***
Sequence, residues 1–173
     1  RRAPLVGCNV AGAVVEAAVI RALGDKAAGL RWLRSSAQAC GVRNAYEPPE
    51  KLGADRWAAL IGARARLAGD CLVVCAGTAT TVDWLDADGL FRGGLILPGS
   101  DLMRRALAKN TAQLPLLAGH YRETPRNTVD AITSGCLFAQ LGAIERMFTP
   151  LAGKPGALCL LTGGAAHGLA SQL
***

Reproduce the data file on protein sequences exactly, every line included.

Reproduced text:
Sequence, residues 1–173
     1  RRAPLVGCNV AGAVVEAAVI RALGDKAAGL RWLRSSAQAC GVRNAYEPPE
    51  KLGADRWAAL IGARARLAGD CLVVCAGTAT TVDWLDADGL FRGGLILPGS
   101  DLMRRALAKN TAQLPLLAGH YRETPRNTVD AITSGCLFAQ LGAIERMFTP
   151  LAGKPGALCL LTGGAAHGLA SQL